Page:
Planetary system

File:An artist’s impression of planet in the HD 131399 system.tif The claimed discovery of a massive planet, named HD 131399 Ab, was announced in a paper published in the journal Science.[3] The object was imaged using the SPHERE imager of the Very Large Telescope at the European Southern Observatory, located in the Atacama Desert of Chile , and announced in a July 2016 paper in the journal Science.[3][12] It was thought to be a T-type object with a mass of 4 ± 1 MJ,[3] but its orbit would have been unstable, causing it to be ejected between the primary's red giant phase and white dwarf phase.[13] This was the first exoplanet candidate to be discovered by SPHERE. The image was created from two separate SPHERE observations: one to image the three stars and one to detect the faint planet.[14] After its discovery, the team unofficially named the system "Scorpion-1" and the planet "Scorpion-1b", after the survey that prompted its discovery, the Scorpion Planet Survey (principal investigator: Daniel Apai).[15]

In May 2017, observations made by the Gemini Planet Imager and including a reanalysis of the SPHERE data suggest that this target is, in fact, a background star. This object's spectrum seems to be like that of a K-type or M-type dwarf, not a T-type object as first thought. It also initially appeared to be associated with HD 131399, but this was because of its unusually high proper motion (in the top 4% fastest-moving stars).[5] After subsequent data published in 2022 confirmed that the object is a background star, the paper announcing the putative discovery was retracted.[9][16]


The planet was thought to be about 16 million years old, with a mass of 4 (± 1) MJ (Jupiter masses), and a temperature of 850 K (577 °C; 1,070 °F) (± 50 K), which would make it one of the coldest and least massive directly imaged exoplanets.[10] Its atmosphere was shown to contain both water and methane through the use of near-infrared spectroscopy (1.4-1.6 μm).[3] Scientists believed it was unlikely that the planet harbored life due to it being gaseous. The planet was said to have "no liquid water, extremely powerful winds, and no surface; just below the uppermost layer of the atmosphere it rains liquid iron droplets."[17] One orbit of HD 131399 Ab was thought to take 550 years.[3][12]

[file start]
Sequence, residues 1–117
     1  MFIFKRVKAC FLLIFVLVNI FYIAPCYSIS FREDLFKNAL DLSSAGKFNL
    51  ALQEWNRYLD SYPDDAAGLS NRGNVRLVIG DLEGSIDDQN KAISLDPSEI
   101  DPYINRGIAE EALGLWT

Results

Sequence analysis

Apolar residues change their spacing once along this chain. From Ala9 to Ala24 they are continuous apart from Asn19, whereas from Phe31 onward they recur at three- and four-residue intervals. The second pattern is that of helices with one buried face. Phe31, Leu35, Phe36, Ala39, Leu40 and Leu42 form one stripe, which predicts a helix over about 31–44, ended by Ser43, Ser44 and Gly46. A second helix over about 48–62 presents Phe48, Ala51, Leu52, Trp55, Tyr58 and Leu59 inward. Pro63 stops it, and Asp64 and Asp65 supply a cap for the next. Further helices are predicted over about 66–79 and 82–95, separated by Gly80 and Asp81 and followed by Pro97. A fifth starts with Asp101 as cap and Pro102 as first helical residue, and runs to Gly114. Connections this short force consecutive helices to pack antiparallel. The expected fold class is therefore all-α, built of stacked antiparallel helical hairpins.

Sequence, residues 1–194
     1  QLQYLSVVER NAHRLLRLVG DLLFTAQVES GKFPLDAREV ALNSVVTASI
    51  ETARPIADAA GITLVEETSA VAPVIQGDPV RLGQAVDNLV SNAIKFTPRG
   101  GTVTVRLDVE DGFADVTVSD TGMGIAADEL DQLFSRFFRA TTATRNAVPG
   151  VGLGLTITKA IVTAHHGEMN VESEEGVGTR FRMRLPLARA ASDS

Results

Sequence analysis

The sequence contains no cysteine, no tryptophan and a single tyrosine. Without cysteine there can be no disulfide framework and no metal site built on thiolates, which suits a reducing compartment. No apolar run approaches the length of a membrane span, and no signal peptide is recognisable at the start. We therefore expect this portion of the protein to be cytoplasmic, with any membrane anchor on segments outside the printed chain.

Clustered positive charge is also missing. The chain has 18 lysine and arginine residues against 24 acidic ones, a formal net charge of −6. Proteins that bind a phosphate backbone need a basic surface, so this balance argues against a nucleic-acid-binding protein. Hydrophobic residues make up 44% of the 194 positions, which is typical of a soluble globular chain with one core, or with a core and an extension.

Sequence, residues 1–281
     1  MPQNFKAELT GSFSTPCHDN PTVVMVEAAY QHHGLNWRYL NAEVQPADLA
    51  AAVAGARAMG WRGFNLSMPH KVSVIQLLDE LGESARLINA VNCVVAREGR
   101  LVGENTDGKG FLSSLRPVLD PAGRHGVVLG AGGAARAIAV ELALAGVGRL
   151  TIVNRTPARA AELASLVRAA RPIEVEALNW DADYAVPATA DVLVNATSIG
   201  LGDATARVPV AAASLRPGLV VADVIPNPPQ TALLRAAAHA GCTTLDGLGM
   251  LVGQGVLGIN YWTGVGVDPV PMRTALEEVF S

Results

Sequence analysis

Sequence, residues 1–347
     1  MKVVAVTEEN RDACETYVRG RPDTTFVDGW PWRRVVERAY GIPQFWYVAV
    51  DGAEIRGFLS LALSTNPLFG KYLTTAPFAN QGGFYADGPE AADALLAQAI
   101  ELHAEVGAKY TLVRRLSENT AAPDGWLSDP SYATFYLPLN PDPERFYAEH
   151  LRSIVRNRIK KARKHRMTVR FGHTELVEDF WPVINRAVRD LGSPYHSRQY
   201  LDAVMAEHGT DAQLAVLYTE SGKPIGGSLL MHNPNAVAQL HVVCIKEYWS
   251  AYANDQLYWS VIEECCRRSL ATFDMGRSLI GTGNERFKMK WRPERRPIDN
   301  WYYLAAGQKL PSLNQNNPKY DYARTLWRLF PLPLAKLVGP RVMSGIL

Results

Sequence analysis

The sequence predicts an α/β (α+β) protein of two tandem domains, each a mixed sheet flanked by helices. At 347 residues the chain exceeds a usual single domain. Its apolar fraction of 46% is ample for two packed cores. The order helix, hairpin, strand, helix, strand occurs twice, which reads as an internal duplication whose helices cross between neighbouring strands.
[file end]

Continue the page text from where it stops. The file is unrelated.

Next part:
1. 1.0 1.1 van Leeuwen, F. (2007). "Validation of the new Hipparcos reduction". Astronomy and Astrophysics 474 (2): 653–664. doi:10.1051/0004-6361:20078357. Bibcode2007A&A...474..653V. 
  2. Høg, E. (2000). "The Tycho-2 catalogue of the 2.5 million brightest stars". Astronomy and Astrophysics 355: L27–L30. Bibcode2000A&A...355L..27H. 
  3. 3.00 3.01 3.02 3.03 3.04 3.05 3.06 3.07 3.08 3.09 3.10 Wagner, K.; Apai, D.; Kasper, M.; Kratter, K.; McClure, M.; Robberto, M.; Beuzit, J.-L. (2016). "Direct imaging discovery of a Jovian exoplanet within a triple-star system". Science 353 (6300): 673–8. doi:10.1126/science.aaf9671. PMID 27386921. Bibcode2016Sci...353..673W.  (Retracted, see doi:10.1126/science.abq1709)